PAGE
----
Though Q4 projections were not met in nations across Southeast Asia, the growth in the region is stable thanks to the expansion of multinational companies and increased foreign investment into the region, according to Monster Employment Index. This will likely spur hiring in those emerging markets, especially those with maturing economies.
For more mature economies – such as in Singapore – hiring should remain stable if slower than what was seen throughout 2018. This will also be impacted by the government’s focus on upskilling efforts the encourage businesses to invest in courses and other forms of continued education to ensure that employees are prepared for the growing trend of digitization and emerging technologies, such as increased AI and machine learning.
In Singapore, IT, Telecom/ISP and BPO/ITES sector were one of the strongest in the republic’s online hiring throughout 2018, netting a growth of 23% year-on-year in December. In the Philippines, Purchase/ Logistics/ Supply Chain continued to witness the most-notable growth among job-roles, on-the-year. BFSI continues its substantial growth in Singapore and Philippines and forecasted by Bain & Company to remain a steady source of investment into 2019.
Digitalization is sweeping the region
As Southeast Asia continues to woo startups in its bid to become an industrial and tech hub, digitalization is sweeping the region, and job roles requiring niche skills and experience are growing in demand. But roles seeking these types of specialized knowledge are not only limited to the IT industry and are being seen in such sectors as manufacturing, supply chain, marketing, human resources, and finance, among others as companies look to combine traditional skills with contemporary ones.
Though this bodes well for the region’s growth, the challenge this type of hiring demand poses is that there is both a regional and global talent shortage, leading many companies to compete for a small pool of international candidates, and governments to champion the upskilling and reskilling of local talent so that they can supply the type of talent the industries they’ve worked to attract demand.
Market opportunities: “Glocal” candidates
Businesses across the region are looking to hire local talent, but as multinationals increasingly set up shop in Southeast Asia and local businesses begin considering expansion, companies across the board are looking to go “glocal” – that is, to hire local candidates with global experience.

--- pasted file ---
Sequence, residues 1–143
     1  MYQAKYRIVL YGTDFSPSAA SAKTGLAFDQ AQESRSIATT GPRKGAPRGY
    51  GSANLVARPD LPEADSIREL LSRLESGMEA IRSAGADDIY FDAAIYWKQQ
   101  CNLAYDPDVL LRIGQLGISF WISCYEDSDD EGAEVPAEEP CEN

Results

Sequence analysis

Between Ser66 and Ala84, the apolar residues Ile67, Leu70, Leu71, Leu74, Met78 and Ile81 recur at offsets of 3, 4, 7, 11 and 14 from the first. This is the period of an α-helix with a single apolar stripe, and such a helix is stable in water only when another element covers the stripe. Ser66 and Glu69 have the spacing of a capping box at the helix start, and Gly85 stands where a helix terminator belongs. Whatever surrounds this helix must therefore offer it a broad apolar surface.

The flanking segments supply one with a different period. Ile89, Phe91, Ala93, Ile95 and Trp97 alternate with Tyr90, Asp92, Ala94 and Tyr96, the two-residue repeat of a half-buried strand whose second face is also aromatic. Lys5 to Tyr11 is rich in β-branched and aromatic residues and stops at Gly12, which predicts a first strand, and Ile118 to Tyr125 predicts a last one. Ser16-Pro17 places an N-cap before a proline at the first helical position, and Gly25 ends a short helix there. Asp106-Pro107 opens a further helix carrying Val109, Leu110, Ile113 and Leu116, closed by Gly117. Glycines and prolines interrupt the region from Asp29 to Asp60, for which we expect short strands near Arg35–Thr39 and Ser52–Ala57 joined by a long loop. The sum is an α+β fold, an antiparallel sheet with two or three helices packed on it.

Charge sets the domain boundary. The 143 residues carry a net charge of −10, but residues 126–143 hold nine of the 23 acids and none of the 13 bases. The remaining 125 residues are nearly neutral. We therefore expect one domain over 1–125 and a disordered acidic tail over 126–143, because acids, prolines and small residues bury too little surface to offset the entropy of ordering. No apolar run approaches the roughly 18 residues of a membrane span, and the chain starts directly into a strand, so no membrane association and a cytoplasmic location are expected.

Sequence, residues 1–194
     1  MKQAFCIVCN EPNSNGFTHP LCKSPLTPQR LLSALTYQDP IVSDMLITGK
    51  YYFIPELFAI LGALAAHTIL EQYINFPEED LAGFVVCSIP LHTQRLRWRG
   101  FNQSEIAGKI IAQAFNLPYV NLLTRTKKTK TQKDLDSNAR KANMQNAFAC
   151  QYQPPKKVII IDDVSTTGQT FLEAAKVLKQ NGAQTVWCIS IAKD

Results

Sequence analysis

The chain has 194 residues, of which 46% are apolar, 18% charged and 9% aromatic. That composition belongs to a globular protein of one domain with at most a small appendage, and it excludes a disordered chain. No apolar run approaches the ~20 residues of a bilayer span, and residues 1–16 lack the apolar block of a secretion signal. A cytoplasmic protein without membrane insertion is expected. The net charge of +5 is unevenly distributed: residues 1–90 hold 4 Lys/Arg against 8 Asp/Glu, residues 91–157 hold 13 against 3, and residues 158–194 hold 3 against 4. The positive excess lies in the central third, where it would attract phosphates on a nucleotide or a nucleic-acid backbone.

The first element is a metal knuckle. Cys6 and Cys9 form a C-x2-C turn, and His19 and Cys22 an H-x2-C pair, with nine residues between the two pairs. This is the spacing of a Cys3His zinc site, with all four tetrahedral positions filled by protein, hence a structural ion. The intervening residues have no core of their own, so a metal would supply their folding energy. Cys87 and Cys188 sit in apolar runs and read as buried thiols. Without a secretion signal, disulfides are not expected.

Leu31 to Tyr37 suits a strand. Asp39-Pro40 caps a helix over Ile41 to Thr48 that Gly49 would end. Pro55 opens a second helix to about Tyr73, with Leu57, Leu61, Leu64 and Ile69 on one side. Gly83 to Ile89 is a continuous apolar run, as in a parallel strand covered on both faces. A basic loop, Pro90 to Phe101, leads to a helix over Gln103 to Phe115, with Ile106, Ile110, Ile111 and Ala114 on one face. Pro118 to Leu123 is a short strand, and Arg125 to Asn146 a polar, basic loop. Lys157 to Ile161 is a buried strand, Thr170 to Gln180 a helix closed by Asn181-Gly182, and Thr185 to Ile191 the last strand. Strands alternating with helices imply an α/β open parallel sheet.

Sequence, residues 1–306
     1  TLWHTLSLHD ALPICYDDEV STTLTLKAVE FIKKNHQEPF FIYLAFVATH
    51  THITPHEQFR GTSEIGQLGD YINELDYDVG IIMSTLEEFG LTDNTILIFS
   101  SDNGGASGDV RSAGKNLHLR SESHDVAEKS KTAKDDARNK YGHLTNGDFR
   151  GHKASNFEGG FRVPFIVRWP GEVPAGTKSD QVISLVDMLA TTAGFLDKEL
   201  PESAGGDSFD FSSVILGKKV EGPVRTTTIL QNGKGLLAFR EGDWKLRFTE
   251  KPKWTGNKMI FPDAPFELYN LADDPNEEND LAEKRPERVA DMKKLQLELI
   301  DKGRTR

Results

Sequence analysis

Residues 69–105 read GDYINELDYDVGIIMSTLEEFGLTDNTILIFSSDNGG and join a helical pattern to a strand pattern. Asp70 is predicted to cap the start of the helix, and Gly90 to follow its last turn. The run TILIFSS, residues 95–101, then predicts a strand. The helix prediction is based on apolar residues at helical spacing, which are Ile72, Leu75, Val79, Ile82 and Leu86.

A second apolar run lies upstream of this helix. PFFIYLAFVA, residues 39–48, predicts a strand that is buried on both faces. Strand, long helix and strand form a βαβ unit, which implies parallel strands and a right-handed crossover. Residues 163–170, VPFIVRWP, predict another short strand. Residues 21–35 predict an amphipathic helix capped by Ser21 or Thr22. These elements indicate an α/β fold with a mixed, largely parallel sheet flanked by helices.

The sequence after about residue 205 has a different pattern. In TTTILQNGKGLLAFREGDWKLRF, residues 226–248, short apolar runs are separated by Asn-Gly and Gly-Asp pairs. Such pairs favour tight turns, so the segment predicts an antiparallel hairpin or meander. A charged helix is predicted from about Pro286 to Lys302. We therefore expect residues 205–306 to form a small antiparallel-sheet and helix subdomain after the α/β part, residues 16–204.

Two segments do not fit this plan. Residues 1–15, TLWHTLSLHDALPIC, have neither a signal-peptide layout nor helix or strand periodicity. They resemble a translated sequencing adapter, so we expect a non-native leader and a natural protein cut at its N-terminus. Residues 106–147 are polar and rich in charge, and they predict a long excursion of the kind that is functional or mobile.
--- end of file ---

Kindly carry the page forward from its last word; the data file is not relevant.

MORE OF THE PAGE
As businesses look to recruit this type of talent, it’s likely the competition will be high, as local talent pools may not be deep. However, it is possible that as opportunities in the region expand, local talent who may have moved abroad in search of specific experience would be willing to move back if the right offer came along. Due to this, companies in the region will likely not only extend internationally competitive salaries but will also incorporate benefits like flexible working arrangements, increased holiday leave and other innovative benefits in order to recruit and retain the talent they seek.
Driving force: digitization
“It may be a buzzword, but digitization is a juggernaut that cannot be ignored, especially in Southeast Asia,” says Abhijeet Mukherjee, CEO, Monster.com - APAC and Middle East. Companies in an array of industries will be streamlining processes, upgrading legacy hardware and software, and incorporating tools using artificial intelligence and machine learning in order to increase productivity and efficiency. As this process occurs for businesses throughout the region, employees will be expected to learn new ways of doing their job and even to expand their job scope based on the improvements, customizations and new standard operating procedures digitization bring.
The Southeast Asian markets saw a rocky end to 2018. Though year-on-year online hiring growth was positive for Singapore and the Philippines, Malaysia did not fare as well, each of the economies for Singapore, the Philippines and Malaysia missed their respective government’s forecasted economic marks for the quarter. Though GDPs are down across the board, hiring activity and local employment figures are growing thanks to a combination of seasonal hiring and an influx of roles requiring digital know-how.
Singapore and the Philippines both ended the year strong, with positive online recruitment outlooks, while Malaysia struggled to keep pace and ultimately ended the year with a downward growth trajectory, despite lifts in several industry sectors.